Thursday, July 14, 2016

Recent Crimes of the Castro Regime: Sirley’s Testimony Before Congress on July 13th

These Remarks Were Given Before the House Foreign Affairs Subcommittee on Africa, Global Health, Global Human Rights, and International Organizations on July 13, 2016 at 3:30pm.

Sirley Ávila León testifying before Congress on July 13, 2016
My name is Sirley Ávila León. I am Cuban and I live in Cuba. Because of my work as a delegate to the Municipal Assembly of People’s Power for the Majibacoa municipality since 2005, I have seen the double standards of our leaders, who in reality are not interested in the people. The biggest problems were bureaucratic: there was so much corruption that the system did not work. From the beginning, I started to take interest in the lives of the citizens and in particular the children of my region, who walked more than 9 kilometers through difficult roads in order to attend the nearest school. The parents, needing to accompany their children, had no time to cultivate their land, despite the abject poverty in which they lived. Some emigrated to other villages in order to spare their children. I set myself to the task of demanding the school that the neighborhood needed so much. I reached the highest echelons of power in Cuba, passing through all the intermediate levels, and although I managed to get a school built, it was soon closed, leaving the village and rural children in the same situation of helplessness.

Because of my work and my demands in favor of reopening the school, I began to be accused of being a leader, and the families of the farmers in my area began to receive threats that their school-aged children would be taken away from them. I was threatened and repeatedly repressed by government officials, and in Havana I was even expelled from the Council of State and threatened with being accused of threatening State Security. All this is what led me, on September 8, 2012, to denounce the regime’s human rights violations against the farmers and the people in general from the island itself, by means of the broadcaster Radio Martí. From that moment onwards, I was a victim of several attempts on my life, attempts to eliminate me physically, and other acts of vandalism against my farm, my animals and my property, all organized by the regime and its political police as part of its attempt to get rid of me. A young woman, Yudisleidy López Rodríguez, alerted me to the fact that the political police had offered highly dangerous common criminals rewards for murdering me. She was killed on September 26, 2014 for publicly decrying an attack on me in which my bed was set on fire during the early morning. Her murder was covered up as a crime of passion.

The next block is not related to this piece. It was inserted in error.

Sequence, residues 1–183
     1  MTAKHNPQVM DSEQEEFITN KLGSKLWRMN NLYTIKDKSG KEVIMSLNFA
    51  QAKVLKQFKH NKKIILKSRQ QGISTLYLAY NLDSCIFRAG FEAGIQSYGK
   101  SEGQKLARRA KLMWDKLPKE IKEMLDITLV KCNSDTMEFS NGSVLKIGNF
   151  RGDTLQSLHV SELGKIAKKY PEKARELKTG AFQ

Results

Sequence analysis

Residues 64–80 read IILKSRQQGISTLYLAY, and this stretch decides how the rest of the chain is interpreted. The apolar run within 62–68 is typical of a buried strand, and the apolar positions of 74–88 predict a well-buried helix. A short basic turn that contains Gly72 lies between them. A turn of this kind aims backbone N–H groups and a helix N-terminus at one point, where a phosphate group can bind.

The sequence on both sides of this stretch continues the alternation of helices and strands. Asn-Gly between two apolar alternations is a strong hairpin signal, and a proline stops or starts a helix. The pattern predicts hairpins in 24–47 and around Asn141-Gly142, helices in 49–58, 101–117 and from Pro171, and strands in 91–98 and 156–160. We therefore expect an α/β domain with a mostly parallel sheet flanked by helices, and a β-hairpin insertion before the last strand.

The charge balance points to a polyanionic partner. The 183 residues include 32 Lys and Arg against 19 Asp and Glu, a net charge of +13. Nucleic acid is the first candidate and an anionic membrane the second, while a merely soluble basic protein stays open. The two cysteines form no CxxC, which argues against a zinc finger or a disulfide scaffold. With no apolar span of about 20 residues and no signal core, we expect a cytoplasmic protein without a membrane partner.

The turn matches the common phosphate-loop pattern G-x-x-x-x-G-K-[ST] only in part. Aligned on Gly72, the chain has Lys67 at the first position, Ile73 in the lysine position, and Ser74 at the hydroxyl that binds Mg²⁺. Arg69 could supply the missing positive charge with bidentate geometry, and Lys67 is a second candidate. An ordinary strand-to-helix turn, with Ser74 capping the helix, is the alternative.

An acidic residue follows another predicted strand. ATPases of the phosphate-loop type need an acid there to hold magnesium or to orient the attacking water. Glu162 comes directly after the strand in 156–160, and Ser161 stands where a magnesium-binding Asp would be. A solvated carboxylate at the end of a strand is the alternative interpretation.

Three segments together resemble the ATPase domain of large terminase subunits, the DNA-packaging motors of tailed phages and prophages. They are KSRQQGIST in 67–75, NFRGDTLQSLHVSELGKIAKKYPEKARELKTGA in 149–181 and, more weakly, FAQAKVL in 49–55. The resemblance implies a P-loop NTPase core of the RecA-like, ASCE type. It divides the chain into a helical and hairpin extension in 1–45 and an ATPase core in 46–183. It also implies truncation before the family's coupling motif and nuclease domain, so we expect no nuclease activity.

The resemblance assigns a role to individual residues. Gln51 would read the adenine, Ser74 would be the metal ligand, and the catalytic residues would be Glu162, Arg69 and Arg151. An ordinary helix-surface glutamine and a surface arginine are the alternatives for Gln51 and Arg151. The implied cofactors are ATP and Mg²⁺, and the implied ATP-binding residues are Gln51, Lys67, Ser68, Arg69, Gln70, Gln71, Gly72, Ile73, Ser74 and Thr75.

On May 24, 2015, I was attacked in my home by Osmani Carrión, who was sent by State Security to kill me. I am sure he was sent by the political police because I later discovered that he was a highly dangerous common prisoner who had been granted parole only days before attacking me. He attacked me with a machete, severing my left hand and mutilating my right arm and both knees. He did not cut off my head thanks to the presence of a child at the scene of the events and thanks to God who protected my life so that I could be here today and offer my testimony. In the days before the attack the regime had started a rumor that I had sold the farm and had left the area so that the neighbors would not be concerned about my physical disappearance.

Today before this Subcommittee of Foreign Affairs of the United States Congress, I want to ask two questions. Taking into account the US government’s new relations with the dictatorship of Cuba, I wonder:
Why has the situation of systematic human rights violations in Cuba not been a fundamental point in negotiations with a regime that has been in power for 57 years?
How is it possible that the US government has made so many concessions to the government of Cuba without demanding respect for human rights on the island and justice for the many attacks on the civil and political rights of the Cuban people? I am a direct witness of the workings of the legal system, in which citizens are not guaranteed any procedural safeguards.
I am very grateful that over the years other victims of repression in Cuba have had the chance to come forward in this very space in order to denounce and publicize the realities of life in Cuba. And I thank you for giving me the opportunity to participate here today. I ask only that the government of the United States, international human rights organizations, and the governments of the free world not abandon the people of Cuba in their struggle for freedom. Do not allow yourselves to be confused by the regime’s propaganda campaign presenting Cuba as a country in transition. Cuba remains a military dictatorship. In Cuba human rights continue to be violated. And the people of Cuba are now more alone than ever behind the curtain of foreign investors and North American tourists.

I ask you not to abandon Cuba and to denounce the harsh reality we live.

Thank you very much.

Text taken from Victims of Communism Foundation blog.

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